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21st Century Opportunities

21st Century Opportunities

21st Century Opportunities

    Productivity expert Jason Womack is working on a project aimed at teenagers on the careers of tomorrow.  He asked me to contribute a few ideas, and he graciously agreed to let me turn it into an article for Lifehack.org.  From where I sit, there are a couple of very broad categories in which people can expect to excel in the future:

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    1.  Data Analysis

    Data and computation have never been cheaper than they are this morning.  They are cheaper than when I first wrote this in October, they will be cheaper this afternoon, and they will be even cheaper this time tomorrow. 

    What is not falling in price, however, is analytical ability.  The ability to find intelligible information in a very noisy world will be of great value in the future.  If I were sixteen and knew what I know now, I would focus my time and energy on mastering the theory of probability and on learning an analytical social science like economics. 

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    This comes with an important caveat: the ability to perform statistical computations by pressing a few buttons on a computer is very different from knowing what the output means and how to apply it.  Statistical computations will be almost costless in the future: there are a number of excellent, free statistical software packages floating around, and I wouldn’t be surprised if “Google Stats” is in the offing somewhere. 

    The real value added, though, comes from knowing what the computations mean.  A disconcerting fact about the way science is done today is that while a lot of it is very computation-heavy, the results are often interpreted incorrectly not just by the media outlets who report on them, but by the scientists doing the investigation. 

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    For more on this, I encourage people with advanced training in statistics to read Ziliak and McCloskey’s The Cult of Statistical Significance, which I reviewed for Economic Affairs recently (a draft of my review is available on the Social Science Research Network at www.SSRN.com).

    2.  Product Design

    The cost of manufacturing goods continues to plummet, and as it gets cheaper and cheaper the value will be added not by the physical production process but by the design process.  Understanding people’s goals and what they will actually use products for will be a way to add value going forward. (To this end, I highly recommend Donald Norman’s The Design of Future Things, which I expect to review in this space sometime soon).

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    3.  “Technology Ecology” 

    This is kind of like tech support, but different.  As production costs continue to fall, part of value added in design will be in workplace design, or what might be called “Technology Ecology.”  Integrating the material of the last millennium (paper) with the material of the new millennium (silicon) is of paramount importance, and there are many margins on which to add value by designing workspaces.  The computer has been inserted into a work environment designed for people pushing pieces of paper across a desk, and many workspaces are fundamentally mid-twentieth century workspaces specked with a variety of early twenty-first century tumors.  Adapting the workspace to new technology will be an important way to help people add value in the future.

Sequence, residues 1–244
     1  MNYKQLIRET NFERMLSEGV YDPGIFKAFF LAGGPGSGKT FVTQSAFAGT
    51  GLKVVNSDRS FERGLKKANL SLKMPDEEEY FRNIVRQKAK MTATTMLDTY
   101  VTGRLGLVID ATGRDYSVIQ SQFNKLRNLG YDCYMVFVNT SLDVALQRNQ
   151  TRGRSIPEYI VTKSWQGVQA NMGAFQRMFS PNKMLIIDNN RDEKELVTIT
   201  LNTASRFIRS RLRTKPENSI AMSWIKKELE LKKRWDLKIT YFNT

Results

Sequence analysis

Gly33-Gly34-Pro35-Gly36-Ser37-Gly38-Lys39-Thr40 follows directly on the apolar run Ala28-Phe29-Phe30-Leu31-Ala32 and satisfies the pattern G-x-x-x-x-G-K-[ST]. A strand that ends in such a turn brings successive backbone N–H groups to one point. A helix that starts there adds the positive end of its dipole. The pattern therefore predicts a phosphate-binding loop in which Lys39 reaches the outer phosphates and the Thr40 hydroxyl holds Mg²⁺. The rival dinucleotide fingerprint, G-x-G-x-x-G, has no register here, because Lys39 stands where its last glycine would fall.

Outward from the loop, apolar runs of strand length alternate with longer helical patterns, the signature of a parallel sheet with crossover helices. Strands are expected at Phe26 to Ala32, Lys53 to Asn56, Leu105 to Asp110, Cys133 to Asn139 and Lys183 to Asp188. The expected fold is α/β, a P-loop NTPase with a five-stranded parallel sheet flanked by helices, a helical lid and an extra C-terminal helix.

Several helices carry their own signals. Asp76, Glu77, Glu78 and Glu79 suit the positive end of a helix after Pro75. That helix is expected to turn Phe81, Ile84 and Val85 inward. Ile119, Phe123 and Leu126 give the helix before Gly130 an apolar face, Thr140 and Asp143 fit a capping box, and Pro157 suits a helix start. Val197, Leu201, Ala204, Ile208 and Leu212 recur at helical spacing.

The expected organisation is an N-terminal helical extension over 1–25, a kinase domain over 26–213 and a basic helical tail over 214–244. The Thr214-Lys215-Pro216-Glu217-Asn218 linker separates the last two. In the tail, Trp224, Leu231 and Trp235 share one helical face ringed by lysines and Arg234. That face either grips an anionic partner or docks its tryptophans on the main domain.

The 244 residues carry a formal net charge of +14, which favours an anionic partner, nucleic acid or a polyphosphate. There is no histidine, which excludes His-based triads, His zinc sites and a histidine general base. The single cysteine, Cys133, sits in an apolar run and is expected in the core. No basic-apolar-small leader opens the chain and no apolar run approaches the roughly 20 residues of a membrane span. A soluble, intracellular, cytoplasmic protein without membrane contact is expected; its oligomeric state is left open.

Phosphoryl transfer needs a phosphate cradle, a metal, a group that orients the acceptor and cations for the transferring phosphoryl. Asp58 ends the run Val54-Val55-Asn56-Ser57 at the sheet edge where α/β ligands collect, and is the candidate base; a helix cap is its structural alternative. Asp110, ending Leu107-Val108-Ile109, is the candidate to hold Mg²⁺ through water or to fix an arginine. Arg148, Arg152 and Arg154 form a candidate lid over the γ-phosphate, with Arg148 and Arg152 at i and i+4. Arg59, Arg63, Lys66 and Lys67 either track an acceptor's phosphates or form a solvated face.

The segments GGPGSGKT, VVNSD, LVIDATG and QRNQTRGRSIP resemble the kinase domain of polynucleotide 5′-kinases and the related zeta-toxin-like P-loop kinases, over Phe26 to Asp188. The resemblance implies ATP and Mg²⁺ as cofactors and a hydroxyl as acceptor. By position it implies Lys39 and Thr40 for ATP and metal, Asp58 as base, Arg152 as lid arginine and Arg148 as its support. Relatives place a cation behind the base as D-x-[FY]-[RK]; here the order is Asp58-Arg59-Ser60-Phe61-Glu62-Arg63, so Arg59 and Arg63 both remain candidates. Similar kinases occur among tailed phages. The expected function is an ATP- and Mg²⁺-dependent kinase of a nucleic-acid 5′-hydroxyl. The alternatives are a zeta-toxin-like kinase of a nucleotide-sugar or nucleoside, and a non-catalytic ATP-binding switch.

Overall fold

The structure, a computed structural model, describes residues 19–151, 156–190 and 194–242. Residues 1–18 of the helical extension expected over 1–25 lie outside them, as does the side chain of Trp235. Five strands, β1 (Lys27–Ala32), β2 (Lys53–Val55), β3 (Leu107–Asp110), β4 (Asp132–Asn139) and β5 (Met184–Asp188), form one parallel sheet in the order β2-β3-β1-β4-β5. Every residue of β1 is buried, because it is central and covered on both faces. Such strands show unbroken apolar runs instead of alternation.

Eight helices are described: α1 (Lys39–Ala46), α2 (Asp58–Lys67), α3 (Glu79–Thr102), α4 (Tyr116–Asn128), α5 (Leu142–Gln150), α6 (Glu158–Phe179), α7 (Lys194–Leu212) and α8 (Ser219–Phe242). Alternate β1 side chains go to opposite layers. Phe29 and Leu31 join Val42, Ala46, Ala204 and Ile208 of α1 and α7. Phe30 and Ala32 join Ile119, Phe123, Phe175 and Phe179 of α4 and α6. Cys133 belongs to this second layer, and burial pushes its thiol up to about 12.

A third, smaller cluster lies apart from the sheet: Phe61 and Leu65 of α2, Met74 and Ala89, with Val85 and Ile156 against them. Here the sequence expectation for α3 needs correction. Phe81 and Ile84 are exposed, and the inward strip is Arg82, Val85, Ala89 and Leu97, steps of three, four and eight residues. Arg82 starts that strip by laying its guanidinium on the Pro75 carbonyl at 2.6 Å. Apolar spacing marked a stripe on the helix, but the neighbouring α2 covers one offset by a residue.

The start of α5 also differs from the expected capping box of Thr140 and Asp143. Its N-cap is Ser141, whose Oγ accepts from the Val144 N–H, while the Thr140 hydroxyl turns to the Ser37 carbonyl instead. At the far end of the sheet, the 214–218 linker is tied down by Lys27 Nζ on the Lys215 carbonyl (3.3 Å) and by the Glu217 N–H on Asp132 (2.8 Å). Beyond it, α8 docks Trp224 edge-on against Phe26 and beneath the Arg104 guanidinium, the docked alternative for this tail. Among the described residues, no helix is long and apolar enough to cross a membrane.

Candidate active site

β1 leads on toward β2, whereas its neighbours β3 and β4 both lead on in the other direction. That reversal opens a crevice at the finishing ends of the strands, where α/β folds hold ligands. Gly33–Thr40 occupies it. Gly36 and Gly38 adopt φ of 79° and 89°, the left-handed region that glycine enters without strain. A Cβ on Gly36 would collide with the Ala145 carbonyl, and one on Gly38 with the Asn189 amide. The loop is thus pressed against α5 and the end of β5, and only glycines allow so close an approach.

4.  Financial management

    Economic and financial illiteracy is rampant in the United States and in the world, and there is room to add value by helping people better manage their money.  My wife is a CPA and I have a PhD in economics, and one of the most valuable lessons we’ve both learned is that “active management” or trying to “play the market” is a non-starter.  We enjoy a lot of peace of mind by socking our money away in passively-managed index funds.  A lot of poeple don’t know what “index funds” are, which means that they are leaving a lot of money on the table.

    5.  Personal nutrition and training

    As life expectancy increases, we will want to do all we can to increase the quality of our later years.  It has been said that “sixty is the new forty,” and as society gets wealthier there will be a lot of room to add value by helping people stay “fit and effective,” to steal a phrase from Jason.  Information filtering will grow in importance as the amount of information increases, and as we get richer more of us will find it to our advantage to outsource nutrition- and exercise-related information processing.

    A rapidly changing world creates enormous challenges, but these enormous challenges are also enormous opportunities.  The early twenty-first century presents us with incalculable opportunities to engage our creative faculties, and the fields I mention here are only a few of the areas in which those opportunities will emerge.

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    Last Updated on June 26, 2019

    10 Things You Should Do If You’re Unemployed

    10 Things You Should Do If You’re Unemployed

    Regardless of your background, times today are tough. Uneven economies around the world have made it incredibly difficult for many people to find work.